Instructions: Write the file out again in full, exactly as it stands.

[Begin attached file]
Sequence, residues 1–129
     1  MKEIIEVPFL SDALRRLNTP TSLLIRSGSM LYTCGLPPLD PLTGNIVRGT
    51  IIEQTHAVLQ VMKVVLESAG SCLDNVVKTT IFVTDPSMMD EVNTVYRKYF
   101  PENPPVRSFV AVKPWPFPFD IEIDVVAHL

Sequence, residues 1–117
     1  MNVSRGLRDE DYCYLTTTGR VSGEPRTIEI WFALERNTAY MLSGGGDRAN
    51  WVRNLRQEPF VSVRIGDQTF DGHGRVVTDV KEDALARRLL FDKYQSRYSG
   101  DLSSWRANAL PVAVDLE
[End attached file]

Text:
Sequence, residues 1–129
     1  MKEIIEVPFL SDALRRLNTP TSLLIRSGSM LYTCGLPPLD PLTGNIVRGT
    51  IIEQTHAVLQ VMKVVLESAG SCLDNVVKTT IFVTDPSMMD EVNTVYRKYF
   101  PENPPVRSFV AVKPWPFPFD IEIDVVAHL

Sequence, residues 1–117
     1  MNVSRGLRDE DYCYLTTTGR VSGEPRTIEI WFALERNTAY MLSGGGDRAN
    51  WVRNLRQEPF VSVRIGDQTF DGHGRVVTDV KEDALARRLL FDKYQSRYSG
   101  DLSSWRANAL PVAVDLE